Over time I have grown ruthless in weeding out prospective candidates. There are many dogs I don't even consider: too big to fit in my crate, too small to avoid being bullied by Crookytail, too old to make it up and down our three flights of stairs constantly, too young to hold their bladders in the crate. I won't take puppies anymore. I seldom take dogs that come up through the rescue network. I avoid behavioral cases.

I still find way too many dogs.

Thursday, December 12, 2013

The Little Ash Girl Goes Home

In old fairy tales and folklore, Cinderella's original name is "Ash Girl" or "the little Ash Girl." Folklorists often refer to the archetypal Cinderella protagonist as "European Ash Girl." Even her Disney princess name, Cinderella, means "little cinder girl."

She lived in the ashes and cinders of the hearth, seeking warmth in a house that offered none. The Ash Girl was thin and dirty, forgotten by her father and mistreated by her stepmother. But she had a good heart, and in all of the stories -- sometimes with the help of magical birds, sometimes by the love and guidance of her departed mother's spirit, sometimes with the gifts of a benevolent fairy -- she found her way out of the ashes into a new life where she was safe and warm and beloved.

"Ashling" was not this little dog's original name. Her first owner called her something else. I don't know what it was, and I don't want to know, because knowing would taint whatever name it was.

When she came to the shelter, she was given the new name of Ashling, because the hope was that, like Cinderella the Ash Girl, she would find her way from a loveless home to a new, safe place where she could have her own Happily Ever After.

Today she did.

This morning Ashling went to her new home (and, as she did the first time, immediately ran straight to her people upon spotting them at the park). She'll be there, waiting, when her kids come home from school.

Hopefully it'll be the first of many, many such joyous greetings. Hopefully it'll be Happily Ever After.

Wednesday, December 11, 2013

Another Day in the Snow

Tomorrow Ashling will go on to her forever home. In the meantime, a picture dump of dogs in the snow:

And a video of assorted dimwits playing the winter version of "Find It":

So much for Ashling's adventures here! In the morning she will go on to her real home, and hopefully live Happily Ever After.

We didn't get as far with training as I usually try for. Ashling will go home without knowing a single formal cue, not even Sit. She has a basic familiarity with clicker training and the beginnings of focus work, including attention in moderately distracting environments (city sidewalks, a half-empty dog park, etc.). She is well on her way to being fully potty trained and is pretty good on leash (still working on ignoring a few things, but clicker marking and rewarding for attention and a loose leash has proven highly successful with Ashling and she's about 90% of the way there). She knows her name and has a better-than-average untrained recall.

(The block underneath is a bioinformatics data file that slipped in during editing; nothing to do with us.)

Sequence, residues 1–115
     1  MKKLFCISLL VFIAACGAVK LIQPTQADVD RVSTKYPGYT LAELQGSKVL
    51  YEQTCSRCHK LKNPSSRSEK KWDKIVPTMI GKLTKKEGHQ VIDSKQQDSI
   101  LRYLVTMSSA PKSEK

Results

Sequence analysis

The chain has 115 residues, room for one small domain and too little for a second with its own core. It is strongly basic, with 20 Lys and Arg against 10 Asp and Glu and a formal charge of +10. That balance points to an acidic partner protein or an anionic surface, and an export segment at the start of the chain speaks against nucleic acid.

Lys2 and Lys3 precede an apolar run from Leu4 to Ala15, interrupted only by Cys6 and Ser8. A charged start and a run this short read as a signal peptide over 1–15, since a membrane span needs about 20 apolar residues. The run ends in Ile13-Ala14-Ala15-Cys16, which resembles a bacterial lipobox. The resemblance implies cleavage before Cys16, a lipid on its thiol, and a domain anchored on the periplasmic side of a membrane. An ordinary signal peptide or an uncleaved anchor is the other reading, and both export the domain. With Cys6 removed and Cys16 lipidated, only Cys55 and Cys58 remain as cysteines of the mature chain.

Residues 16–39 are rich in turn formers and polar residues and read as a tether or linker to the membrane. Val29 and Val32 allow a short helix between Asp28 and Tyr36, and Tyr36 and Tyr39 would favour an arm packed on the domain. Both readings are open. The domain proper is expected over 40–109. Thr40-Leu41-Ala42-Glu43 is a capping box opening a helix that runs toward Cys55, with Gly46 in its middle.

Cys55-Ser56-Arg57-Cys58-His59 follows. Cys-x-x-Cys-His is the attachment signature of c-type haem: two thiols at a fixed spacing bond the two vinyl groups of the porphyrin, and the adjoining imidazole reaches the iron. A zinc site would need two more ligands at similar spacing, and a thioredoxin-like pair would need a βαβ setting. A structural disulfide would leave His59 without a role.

And she's pretty eager to teach herself to go up the stairs backwards, so there's that.

But mostly she's still a blank canvas. A primed one, ready to start work, but largely untouched beyond that.

I expect that she'll do okay despite this. She's a sweet, friendly, stable little dog by nature, and that's the most important thing for a future family pet.

Her suitcase is packed. She's ready to go.

Monday, December 9, 2013

Pongu Gets His ARCHEX, Ashling Gets a Snow Day

After a crazy three-day marathon of Rally trials (Harrisburg on Friday --> NYC on Saturday --> Exton PA on Sunday), Pongu finished his ARCHEX championship this past weekend.

He is the 47th mixed-breed dog to earn this particular title, the 341st dog overall in the history of the world, and the sixth or seventh to get it this year.

We also broke a thousand Championship points, which means we have a chance -- by no means a sure thing, but a chance -- at not only being nationally ranked within our division, but cracking the Top 20 Overall standings.

This would be pretty nifty if it happens, because Pongu was only eligible for 1/3 of the possible Championship points at each trial for the first third of the year, and only 2/3 of them until October (this is why there are divisional standings -- the dogs in the lower divisions are rarely eligible to earn all possible points). Plus he's insanely fearful and a lifelong rehab case and this is his first full year in competition in any sport. So if my little crazy dog actually manages to weasel his way into the combined standings, well... that would be something.

And if not, we might aim for it next year. I was planning to make that one of my big goals for 2014, but while I do still intend to finish Pongu's ARCHMX, I'm having second thoughts about doing an all-out chase for national rankings that year. We might end up shifting focus a little to do more AKC Rally and CDSP obedience. Pongu might benefit from doing other stuff for a year or two before we make a hardcore run for WCRL points. I dunno.

I was actually pretty demoralized about Pongu's performance this weekend because his scores were not very good and by the last day they were outright crappy, so I was feeling frustrated about how Crazy Dog Is Crazy and melts down all the time at the smallest provocation. Pongu's come a long way in many respects, but he's just a genetic trainwreck of a dog temperamentally, and as such, he crashes and burns because of teeny tiny things that more confident dogs don't even notice.